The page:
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Lifest Music City: Christian music festival returns to Nashville area for second year

The Tennessean (Nashville) logo The Tennessean (Nashville) 7/28/2022 Dave Paulson, Nashville Tennessean
performs during the Exit 111 Rock Festival at Great Stage Park Sunday, Oct. 13, 2019, in Manchester, Tenn. © Helen Comer / performs during the Exit 111 Rock Festival at Great Stage Park Sunday, Oct. 13, 2019, in Manchester, Tenn.

In the 1970s, Johnny Cash took ownership of a 107-acre property in Bon Aqua, Tennessee, some 40 miles southwest of Nashville. 

The country legend called it his Hideaway Farm — a quiet place where he could get away from Music City and "live the life of a country boy," as he wrote in his autobiography.

This weekend, however, Cash's former property will be a little less quiet. For the second consecutive year, Christian music festival Lifest Music City will bring thousands of fans to Hideaway Farm for three days of music from Skillet, Casting Crowns, Zach Bryan, Steven Curtis Chapman and Mac Powell, among dozens of performers and speakers.

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The live music continues nearly to midnight each evening, and attendees staying for the full event are welcome to purchase a campsite and make the farm their "hideaway" for a few days, too. 

Sound like a solid weekend? Here's what you need to know about Lifest's return to Middle Tennessee. 

The festival's Midwestern roots

Since 1999, the original Lifest has been held in Oshkosh, Wis., growing from 6,000 attendees for year one to roughly 30,000 in 2022. It expanded to Nashville last year, bringing out roughly 4,000 per day to see Matthew West, Lecrae, Michael W. Smith and more. 

"We get asked a lot to start festivals in different areas, and to partner with existing festivals all over the country," says festival director John Dougherty. "And we've always kind of shied away from it — until we came out to Nashville."

The lineup

Nashville's notably warmer than Oshkosh in the thick of summer — Dougherty says temperatures reached 105 during last year's inaugural event — but the location still has a distinct advantage, as many of this year's performers live and/or base their business here.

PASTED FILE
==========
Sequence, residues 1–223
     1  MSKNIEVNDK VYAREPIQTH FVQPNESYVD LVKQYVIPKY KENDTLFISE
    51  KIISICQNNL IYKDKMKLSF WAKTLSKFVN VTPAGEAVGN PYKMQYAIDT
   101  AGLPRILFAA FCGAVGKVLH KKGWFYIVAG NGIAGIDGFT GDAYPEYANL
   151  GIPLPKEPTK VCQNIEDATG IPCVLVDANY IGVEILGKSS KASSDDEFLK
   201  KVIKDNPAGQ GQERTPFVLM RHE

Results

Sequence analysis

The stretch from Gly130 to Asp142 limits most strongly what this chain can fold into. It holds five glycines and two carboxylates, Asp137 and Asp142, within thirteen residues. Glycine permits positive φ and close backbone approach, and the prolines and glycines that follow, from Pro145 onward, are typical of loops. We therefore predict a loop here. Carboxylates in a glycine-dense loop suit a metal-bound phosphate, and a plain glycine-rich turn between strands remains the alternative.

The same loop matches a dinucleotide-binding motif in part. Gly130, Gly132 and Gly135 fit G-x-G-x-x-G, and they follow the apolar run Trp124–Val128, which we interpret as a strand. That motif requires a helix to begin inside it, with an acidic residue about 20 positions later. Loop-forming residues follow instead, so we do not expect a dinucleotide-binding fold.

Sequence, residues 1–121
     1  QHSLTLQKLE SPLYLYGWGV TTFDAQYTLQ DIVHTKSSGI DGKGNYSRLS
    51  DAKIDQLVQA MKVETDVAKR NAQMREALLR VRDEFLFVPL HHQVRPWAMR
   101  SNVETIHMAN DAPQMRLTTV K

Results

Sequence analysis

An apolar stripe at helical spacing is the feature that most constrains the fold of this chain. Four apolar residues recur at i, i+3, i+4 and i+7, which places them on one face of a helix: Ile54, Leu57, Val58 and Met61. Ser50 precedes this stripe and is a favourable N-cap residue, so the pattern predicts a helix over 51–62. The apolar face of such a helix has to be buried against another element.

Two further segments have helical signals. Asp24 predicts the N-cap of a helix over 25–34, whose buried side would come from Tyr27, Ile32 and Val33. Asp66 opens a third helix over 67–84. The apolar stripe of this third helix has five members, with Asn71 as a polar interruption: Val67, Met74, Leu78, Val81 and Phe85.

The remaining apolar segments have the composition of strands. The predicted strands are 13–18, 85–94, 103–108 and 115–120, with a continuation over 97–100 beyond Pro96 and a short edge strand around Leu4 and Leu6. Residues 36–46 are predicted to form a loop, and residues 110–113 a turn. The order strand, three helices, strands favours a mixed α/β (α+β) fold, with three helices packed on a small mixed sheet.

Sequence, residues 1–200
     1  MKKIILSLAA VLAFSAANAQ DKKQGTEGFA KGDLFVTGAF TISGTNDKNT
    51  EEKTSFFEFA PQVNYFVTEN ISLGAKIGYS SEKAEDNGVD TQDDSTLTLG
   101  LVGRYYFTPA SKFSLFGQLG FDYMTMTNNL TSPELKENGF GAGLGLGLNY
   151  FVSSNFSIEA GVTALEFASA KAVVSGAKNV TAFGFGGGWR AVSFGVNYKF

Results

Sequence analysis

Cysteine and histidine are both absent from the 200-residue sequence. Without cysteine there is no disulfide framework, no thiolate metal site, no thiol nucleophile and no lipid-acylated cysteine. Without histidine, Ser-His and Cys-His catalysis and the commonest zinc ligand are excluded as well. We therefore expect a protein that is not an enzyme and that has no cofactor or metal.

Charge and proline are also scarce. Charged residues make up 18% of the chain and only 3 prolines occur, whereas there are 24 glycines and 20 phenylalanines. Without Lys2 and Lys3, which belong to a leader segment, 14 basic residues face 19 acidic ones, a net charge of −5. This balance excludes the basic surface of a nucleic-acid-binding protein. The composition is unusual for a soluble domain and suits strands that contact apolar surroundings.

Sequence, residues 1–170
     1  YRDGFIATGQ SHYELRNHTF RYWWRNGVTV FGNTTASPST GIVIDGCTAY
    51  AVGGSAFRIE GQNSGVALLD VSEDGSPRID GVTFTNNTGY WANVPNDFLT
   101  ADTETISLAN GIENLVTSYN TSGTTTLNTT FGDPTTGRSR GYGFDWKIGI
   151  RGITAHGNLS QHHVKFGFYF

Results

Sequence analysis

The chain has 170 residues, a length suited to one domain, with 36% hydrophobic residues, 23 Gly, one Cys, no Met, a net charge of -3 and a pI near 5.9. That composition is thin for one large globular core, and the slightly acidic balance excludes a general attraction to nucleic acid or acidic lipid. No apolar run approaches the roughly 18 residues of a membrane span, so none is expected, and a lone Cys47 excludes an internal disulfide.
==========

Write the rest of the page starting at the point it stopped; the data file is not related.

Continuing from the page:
That includes Chapman, Cain and Nashville native Riley Clemmons. The lineup also features one act that also performed at last year's Lifest Music City — hard rockers Skillet, whose members are split between Nashville and Wisconsin, coincidentally. 

'A Party with a Purpose'

Lifest is presented by Bob Lenz's Life Promotions, a non-profit focused on school programs and outreach events. Dougherty says a primary reason for their expansion into Nashville is to raise awareness for their school programs, which focus on bullying and suicide prevention.

"We've started to do what we do in Oshkosh, and Tennessee seems like a really good fit for us from that mission and vision of our organization."

Evenings end around the 'Ring of Fire'

In Oshkosh, Lifest sets up roughly 3,000 campsites for its attendees. In Nashville last year, there were just over 100 — due to high temps, no doubt, but also the event's close proximity to civilization. 

Still, everyone who passes through the gates gets a bit of the campgrounds experience. Each night ends with a bonfire worship, for guests gathered by Cash's old barn as they wait for parking shuttles. 

"You could call it a Ring of Fire," Dougherty jokes. "You kind of lose that massive rush that you (typically) have in a concert where everyone gets in their car and waits in traffic forever. It's that slow wind-down at the end of the night."

Beyond the music

More than a dozen speakers are set to take Lifest stages over the weekend, including a keynote from longtime public school speaker Reggie Dabbs. There's also a "Kidzone" with live children's music and activities (Kids 7 and under are admitted free, while ages 8-15 have a discounted ticket price). Other activities offered include archery, inflatable games and a scavenger hunt.

If you go

Lifest takes place July 28-30 at Hideaway Farm (9347 Old Highway 46) in Lyles, Tenn. Full event passes are $78 ($36 for ages 8-15), and single-day tickets are $36 ($18 for ages 8-15). For more information, visit

This article originally appeared on Nashville Tennessean: Lifest Music City: Christian music festival returns to Nashville area for second year


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